- Dalton, B. 2004. "Creativity, Habit, and the Social Products of Creative Action: Revising Joas, Incorporating Bourdieu." Sociological Theory. 22:4 603-622.
- Hans Joas's The Creativity of Action (1996) posits that conceiving of all action as fundamentally creative would overcome problems inherent in rational and normative theories of action and would provide an alternative basis for action-based theories of macrosociological phenomena. Joas conceives (of creativity as a response to the frustration of ``prereflective aspirations,'' which necessitates innovative adjustment to reestablish habitual intentions. This conceptualization creates an unsupportable duality between habitual action and creativity that neglects other possible sources of creative action, including habit itself. Combining strengths from Bourdiell's concept of habitus, creativity can be redefined as the necessary adaption of habitual practices to specific contexts of action. Creative action continually introduces novel possibilities in practical action and provokes a variety of social responses to its products. This revised concept of creativity overcomes the dichotomy presented by Joas, identifies a microsocial source of innovation in creative action, and calls attention to patterns of creative authority in society at large.
- Sjoberg, G, EA Gill & LD Cain. 2003. "Countersystem Analysis and the Construction of Alternative Futures." Sociological Theory. 21:3 210-235.
- This essay explicates the role of countersystem analysis as an essential mode of social inquiry. In the process, particular attention is given to the place of negation and the future. One underlying theme is the asymmetry between the negative and the positive features of social activities, the negative being more readily identifiable empirically than the positive. A corollary theme, building on the observations of George Herbert Mead, is: one engages the present through experience; one engages the future through ideas. Furthermore, as Anthony Giddens, Ulrich Beck, and Niklas Luhmann suggest, we in late modernity seem to be facing a future that is more contingent than it was in early modernity. After articulating the foundations of the mode of inquiry we term ``countersystem analysis,'' we employ Karl Mannheim as a point of departure for critically surveying a constellation of scholars-conservatives as well as reformers-who have relied upon some version of countersystem analysis in addressing the future. Such an orientation serves to advance not only theoretical inquiry but empirical investigation as well.
- Demerath, L. 2002. "Epistemological Culture Theory: a Micro Theory of the Origin and Maintenance of Culture." Sociological Theory. 20:2 208-226.
- This paper presents a new ``epistemological'' theory of culture that explains how individuals enhance their sense of security in the world by creating and maintaining culture as knowledge of the world. Using cognitive and affective processes previously ignored by culture theorists, the theory posits three dimensions of cultural production: we articulate, typify, and orient our experiences to make their meaningful. The theory asserts that we produce culture because it allows us to,feel as if we understand our world, and to perceive it as ordered; this in turn triggers an aesthetic response of knowledge-based affect. The theory explains how cultural production is motivated by the pursuit of meaningfulness as well as material interests. The theory describes how ail oppressive culture can be reproduced unintentionally, even by the groups it oppresses. The theory also identifies connections between social structure and culture where conditions of ambiguity or control have implications for how meaning can be created.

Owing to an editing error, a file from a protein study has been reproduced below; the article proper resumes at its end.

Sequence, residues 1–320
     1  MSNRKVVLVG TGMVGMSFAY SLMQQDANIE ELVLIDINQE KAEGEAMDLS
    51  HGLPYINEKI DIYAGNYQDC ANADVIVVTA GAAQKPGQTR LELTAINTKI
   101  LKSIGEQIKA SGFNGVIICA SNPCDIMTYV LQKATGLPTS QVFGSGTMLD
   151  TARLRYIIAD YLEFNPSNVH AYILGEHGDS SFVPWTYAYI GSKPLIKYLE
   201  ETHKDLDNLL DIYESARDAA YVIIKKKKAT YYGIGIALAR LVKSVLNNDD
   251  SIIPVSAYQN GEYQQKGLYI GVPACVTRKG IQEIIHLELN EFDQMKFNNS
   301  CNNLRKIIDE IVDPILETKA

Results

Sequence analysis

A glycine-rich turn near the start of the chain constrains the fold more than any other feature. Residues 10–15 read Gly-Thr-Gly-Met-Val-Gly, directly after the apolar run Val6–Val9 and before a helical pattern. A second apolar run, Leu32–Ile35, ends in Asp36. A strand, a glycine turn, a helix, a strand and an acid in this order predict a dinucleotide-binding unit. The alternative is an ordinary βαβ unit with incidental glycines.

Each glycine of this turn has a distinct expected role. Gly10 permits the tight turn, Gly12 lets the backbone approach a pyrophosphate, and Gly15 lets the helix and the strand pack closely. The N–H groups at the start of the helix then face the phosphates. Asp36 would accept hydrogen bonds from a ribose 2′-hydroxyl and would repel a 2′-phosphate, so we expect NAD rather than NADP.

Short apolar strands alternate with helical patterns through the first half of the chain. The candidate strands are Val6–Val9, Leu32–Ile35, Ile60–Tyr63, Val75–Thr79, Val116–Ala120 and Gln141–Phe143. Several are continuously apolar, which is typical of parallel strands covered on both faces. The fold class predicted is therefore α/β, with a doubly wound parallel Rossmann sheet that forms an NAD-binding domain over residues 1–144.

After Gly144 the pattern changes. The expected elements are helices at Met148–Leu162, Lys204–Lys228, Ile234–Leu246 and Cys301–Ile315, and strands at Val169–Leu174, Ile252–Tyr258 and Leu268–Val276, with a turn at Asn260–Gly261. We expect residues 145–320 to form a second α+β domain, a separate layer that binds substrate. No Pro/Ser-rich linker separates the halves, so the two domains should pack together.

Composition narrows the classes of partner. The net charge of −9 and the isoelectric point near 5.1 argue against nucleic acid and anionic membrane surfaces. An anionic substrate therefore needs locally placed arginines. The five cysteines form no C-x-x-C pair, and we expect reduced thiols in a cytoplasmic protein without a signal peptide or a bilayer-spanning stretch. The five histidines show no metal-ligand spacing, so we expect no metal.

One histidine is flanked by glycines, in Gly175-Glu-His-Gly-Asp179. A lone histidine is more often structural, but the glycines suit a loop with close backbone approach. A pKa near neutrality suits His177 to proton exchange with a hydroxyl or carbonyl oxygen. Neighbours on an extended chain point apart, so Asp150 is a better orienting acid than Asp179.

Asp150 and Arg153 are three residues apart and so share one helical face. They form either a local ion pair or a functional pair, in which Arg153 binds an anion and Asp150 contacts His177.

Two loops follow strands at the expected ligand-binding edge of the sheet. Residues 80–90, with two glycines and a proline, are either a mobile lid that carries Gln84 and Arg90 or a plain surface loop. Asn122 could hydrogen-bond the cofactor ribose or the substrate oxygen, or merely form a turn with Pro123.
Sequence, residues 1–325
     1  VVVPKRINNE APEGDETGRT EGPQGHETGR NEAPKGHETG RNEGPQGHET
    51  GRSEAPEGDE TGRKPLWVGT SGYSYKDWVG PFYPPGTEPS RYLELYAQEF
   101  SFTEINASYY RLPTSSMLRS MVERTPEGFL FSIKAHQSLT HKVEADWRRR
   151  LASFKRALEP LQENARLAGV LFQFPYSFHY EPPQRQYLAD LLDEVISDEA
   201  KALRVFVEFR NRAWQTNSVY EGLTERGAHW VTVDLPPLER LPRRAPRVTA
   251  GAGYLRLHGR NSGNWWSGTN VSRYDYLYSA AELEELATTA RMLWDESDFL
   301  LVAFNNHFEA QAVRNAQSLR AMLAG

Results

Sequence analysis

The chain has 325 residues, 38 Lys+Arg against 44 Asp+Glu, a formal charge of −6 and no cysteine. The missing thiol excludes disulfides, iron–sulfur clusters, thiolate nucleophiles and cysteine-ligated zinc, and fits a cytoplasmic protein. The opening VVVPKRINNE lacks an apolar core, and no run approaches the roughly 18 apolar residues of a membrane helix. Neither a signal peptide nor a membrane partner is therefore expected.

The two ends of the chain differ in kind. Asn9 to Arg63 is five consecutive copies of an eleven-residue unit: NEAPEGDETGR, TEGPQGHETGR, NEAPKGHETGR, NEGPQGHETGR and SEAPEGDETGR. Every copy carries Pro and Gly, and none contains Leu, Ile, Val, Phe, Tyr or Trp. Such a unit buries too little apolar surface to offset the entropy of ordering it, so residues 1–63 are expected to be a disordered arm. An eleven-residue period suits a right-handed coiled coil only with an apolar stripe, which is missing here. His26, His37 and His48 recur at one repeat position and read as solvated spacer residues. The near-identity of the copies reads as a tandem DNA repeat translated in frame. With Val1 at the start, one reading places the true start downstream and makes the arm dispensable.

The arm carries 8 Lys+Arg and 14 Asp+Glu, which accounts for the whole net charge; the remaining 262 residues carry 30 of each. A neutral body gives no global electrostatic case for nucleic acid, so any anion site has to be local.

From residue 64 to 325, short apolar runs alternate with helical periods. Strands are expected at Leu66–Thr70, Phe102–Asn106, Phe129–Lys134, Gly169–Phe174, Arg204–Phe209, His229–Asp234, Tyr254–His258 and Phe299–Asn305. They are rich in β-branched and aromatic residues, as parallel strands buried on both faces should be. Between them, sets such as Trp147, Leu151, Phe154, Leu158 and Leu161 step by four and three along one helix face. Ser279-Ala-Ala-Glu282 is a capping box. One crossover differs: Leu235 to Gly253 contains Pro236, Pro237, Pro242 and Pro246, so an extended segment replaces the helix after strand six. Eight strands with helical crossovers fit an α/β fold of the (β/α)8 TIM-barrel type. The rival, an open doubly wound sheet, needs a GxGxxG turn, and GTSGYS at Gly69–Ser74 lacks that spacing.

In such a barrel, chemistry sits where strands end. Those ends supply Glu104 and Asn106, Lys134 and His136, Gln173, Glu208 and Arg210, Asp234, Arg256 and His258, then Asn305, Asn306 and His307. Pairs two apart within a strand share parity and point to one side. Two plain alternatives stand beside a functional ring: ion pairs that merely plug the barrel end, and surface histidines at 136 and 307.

- Fligstein, N. 2001. "Social Skill and the Theory of Fields." Sociological Theory. 19:2 105-125.
- The problem of the relationship between actors and the social structures in which they are embedded is central to sociological theory. This paper suggests that the ``new institutionalist ``focus on fields, domains, or games provides an alternative view of how to think about this problem by focusing on the construction of loca( orders. This paper criticizes the conception of actors in both rational choice and sociological versions of these theories. A more sociological view of action, what is called ``social skill,'' is developed. The idea of social skill originates in symbolic interactionism and is defined as the ability to induct cooperation in others. This idea is elaborated to suggest how actors are important to the construction and reproduction of local orders. I show how, its elements already inform existing work. Finally I show how the idea can sensitize scholars to the role of actors in empirical work.
- Blau, JR & ES Brown. 2001. "Du Bois and Diasporic Identity: the Veil and the Unveiling Project." Sociological Theory. 19:2 219-233.
- Positioning Du Bois's arguments in The Souls of Black Folk (1903) within social theory enhances our understanding of the phenomenological dimensions of radical oppression and of how oppressed groups build on members' differences,as well as on what they share, to construct a cosmopolitan and richly textured community. Du Bois wrote Souls just at the beginning of the Great Migration but indicated that geographical dispersion would deepen racial solidarity, enhance the meaningfulness of community, and emancipate individual group members through participation in mainstream society while maintaining their black identity. Du Bois's writings have powerful implications for understanding how to promote racial justice, and contemporary readers might consider that they have implications for social justice more generally. An analysis of black newspapers that were published during the period of 1900 to 1935 illustrates how Du Bois's conceptions were woven into discourse and everyday practices.